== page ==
Hat Head National Park
|Hat Head National Park|
New South Wales
|Nearest town or city||South West Rocks|
|Established||28 July 1972|
|Area||74 km2 (29 sq mi)|
|Managing authorities||NSW National Parks and Wildlife Service|
|See also||Protected areas of|
New South Wales
For the Dunghutti people some parts of the park remain a significant place as of their traditional land. The different areas of the park and the sea provided a rich source of food like fish and shellfish. The park is culturally important to Aboriginal people as it contains ceremonial grounds, burial sites, shell middens and campsites.
Hat Head National Park is rich with birdlife such as kookaburra, black swans, egrets, herons, fantails, and honeyeaters. Also hawks, falcons or eagles like white-bellied sea eagle soaring above the cliffs. Wildlife at Hat Head includes black sheoak, grass trees, glossy black cockatoo, red-necked and swamp wallabies as well as western grey kangaroos, sugar gliders, grey-headed flying fox and short-beaked echidna. The regent skipper (butterfly) is only found in Hat Head National Park and Limeburners Creek National Park.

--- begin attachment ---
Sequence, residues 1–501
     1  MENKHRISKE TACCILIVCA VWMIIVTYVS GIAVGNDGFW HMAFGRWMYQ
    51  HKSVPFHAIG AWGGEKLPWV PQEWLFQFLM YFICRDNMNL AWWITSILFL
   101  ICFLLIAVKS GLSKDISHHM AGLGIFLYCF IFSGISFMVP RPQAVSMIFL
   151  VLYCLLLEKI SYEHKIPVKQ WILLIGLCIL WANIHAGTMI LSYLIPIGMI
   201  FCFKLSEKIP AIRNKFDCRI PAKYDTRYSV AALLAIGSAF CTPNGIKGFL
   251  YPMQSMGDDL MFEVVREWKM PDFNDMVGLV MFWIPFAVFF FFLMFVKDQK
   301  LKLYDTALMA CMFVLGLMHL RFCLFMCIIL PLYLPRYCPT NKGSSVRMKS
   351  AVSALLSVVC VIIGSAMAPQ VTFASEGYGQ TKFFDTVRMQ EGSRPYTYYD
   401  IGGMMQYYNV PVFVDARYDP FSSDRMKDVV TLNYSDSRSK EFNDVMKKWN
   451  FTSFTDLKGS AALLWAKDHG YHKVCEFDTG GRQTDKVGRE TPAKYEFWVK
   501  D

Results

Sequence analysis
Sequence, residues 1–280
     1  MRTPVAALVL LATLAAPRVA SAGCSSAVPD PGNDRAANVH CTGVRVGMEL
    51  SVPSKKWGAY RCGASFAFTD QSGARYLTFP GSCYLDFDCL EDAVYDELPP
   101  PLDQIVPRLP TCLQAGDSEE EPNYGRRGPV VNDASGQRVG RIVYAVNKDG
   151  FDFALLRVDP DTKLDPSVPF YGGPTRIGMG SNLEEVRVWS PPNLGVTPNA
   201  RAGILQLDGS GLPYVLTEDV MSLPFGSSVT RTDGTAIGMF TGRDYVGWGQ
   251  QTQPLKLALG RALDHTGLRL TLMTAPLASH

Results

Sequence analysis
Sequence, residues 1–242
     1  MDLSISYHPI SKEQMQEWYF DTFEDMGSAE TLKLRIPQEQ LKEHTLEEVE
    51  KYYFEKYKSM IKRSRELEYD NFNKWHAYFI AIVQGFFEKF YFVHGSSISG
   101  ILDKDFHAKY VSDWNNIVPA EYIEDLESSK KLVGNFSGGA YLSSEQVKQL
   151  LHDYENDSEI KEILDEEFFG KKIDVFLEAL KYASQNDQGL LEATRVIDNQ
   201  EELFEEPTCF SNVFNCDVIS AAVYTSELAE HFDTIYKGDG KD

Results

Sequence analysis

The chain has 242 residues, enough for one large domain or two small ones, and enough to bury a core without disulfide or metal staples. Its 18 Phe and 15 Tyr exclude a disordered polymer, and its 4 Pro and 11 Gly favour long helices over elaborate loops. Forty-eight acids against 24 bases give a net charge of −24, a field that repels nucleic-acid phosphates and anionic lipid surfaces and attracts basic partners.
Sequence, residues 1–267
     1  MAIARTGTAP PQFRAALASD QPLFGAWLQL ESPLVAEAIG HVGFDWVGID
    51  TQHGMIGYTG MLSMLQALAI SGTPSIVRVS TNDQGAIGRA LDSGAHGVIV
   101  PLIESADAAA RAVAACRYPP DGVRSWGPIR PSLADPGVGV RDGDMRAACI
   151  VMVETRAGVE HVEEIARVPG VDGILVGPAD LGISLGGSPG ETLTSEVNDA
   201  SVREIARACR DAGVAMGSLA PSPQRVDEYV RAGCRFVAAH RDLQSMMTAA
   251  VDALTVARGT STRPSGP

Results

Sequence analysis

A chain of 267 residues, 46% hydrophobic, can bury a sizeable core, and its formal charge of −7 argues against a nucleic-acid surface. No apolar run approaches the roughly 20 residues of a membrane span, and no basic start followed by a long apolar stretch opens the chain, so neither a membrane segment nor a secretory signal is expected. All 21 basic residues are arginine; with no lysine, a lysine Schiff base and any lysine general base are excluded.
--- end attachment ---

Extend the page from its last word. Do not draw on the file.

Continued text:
Several walking tracks, fishing and whale watching can be done or just relax at the rocky headlands. Birdwatchers can look for black swans and spoonbills in the park’s wetlands, hawks and eagles soaring above beach cliffs and shorebirds like curlews and plovers around the beach.
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